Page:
METHODS: We conjugated a human IgG1 anti-BCMA mAb and an isotype matched nonbinding control mAb (ofatumumab), with the amine-reactive labeling agent B10-NCS to enable 211At radiolabeling. In biodistribution studies of 211At-BCMA-B10 and 211At-ofatumumab-B10 using NOD.Cg-Rag1tm1Mom Il2rgtm1Wjl/SzJ (NRG) mice bearing flank MM tumor cell xenografts (MM1R or NCI-H929; n=5 mice/group), we demonstrated tumor-specific uptake of BCMA-B10 relative to control mAb and identified the optimal dose of 211At-mAb-B10 (210μg) for assessing therapeutic efficacy. In subsequent therapy studies, NRG mice (n=7-10/group) received 0.3-0.4e6 NCI-H929luc tumor cells by tail vein injection 6-7 days prior to administration of 210 µg of 211At-BCMA-B10 or 211At-ofatumumab-B10 or no therapy (non-treatment control). Animal body weight was monitored serially, and disease was tracked using in vivo bioluminescence imaging (IVIS Spectrum) performed at 8 or more timepoints over 150 days.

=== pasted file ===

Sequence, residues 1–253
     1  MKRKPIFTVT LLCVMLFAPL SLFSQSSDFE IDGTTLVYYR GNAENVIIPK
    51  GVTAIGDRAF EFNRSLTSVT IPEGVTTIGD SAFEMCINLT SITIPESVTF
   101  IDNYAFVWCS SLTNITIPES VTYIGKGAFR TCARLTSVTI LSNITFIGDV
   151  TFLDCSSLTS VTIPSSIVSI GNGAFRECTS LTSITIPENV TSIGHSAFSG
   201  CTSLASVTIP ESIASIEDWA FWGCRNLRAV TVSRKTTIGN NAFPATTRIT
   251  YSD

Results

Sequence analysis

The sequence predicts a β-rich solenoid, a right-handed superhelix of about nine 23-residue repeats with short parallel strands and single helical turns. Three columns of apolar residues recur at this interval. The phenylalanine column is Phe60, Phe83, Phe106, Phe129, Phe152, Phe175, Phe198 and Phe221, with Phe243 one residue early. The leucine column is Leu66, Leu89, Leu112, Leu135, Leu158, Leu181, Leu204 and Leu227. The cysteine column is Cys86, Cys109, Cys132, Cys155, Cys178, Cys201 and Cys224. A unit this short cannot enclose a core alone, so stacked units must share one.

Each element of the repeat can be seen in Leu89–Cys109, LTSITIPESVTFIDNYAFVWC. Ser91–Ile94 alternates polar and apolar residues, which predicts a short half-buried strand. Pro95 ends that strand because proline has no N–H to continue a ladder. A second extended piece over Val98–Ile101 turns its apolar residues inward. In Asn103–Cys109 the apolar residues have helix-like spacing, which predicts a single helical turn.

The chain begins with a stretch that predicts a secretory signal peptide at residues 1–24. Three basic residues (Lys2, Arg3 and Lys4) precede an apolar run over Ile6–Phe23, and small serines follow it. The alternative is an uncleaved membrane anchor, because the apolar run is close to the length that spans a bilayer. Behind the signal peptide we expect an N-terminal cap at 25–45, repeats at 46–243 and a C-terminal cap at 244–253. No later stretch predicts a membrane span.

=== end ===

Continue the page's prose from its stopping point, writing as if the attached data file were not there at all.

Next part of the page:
RESULTS: Disease elimination was defined as survival with no measurable disease by IVIS at 150 days following treatment. All mice receiving 6 or 8 µCi of 211At-BCMA-B10 (n=36) were cured (100%) after a single infusion of 211At-BCMA-B10. Mice in the untreated control groups uniformly experienced exponential tumor growth. At the lowest 211At dose (6 µCi), all BCMA targeted mice survived for more than 150 days while no untreated control mice survived beyond day 60 (median duration of survival 49 days [range 42-60 days]). Mice receiving 211At-ofatumumab had expected attenuation in tumor growth relative to untreated controls (presumably a consequence of non-specific radiation exposure); with a median duration of survival of 85 days; no mice survived beyond 108 days (range 65-108 days) [Figure 1, Figure 2]. No significant toxicity was observed in the 211At-BCMA-B10 treated groups. Among mice receiving 8 μCi of 211At-BCMA-B10 median animal body weight on day 14 post-treatment was 106% of baseline (range 97%-109%). Among mice receiving 6 μCi of 211At-BCMA-B10 the median body weight on day 14 was 107% of baseline (range 100% to 111%) and on day 150 the median weight was 123% of baseline (range 116% to 126%).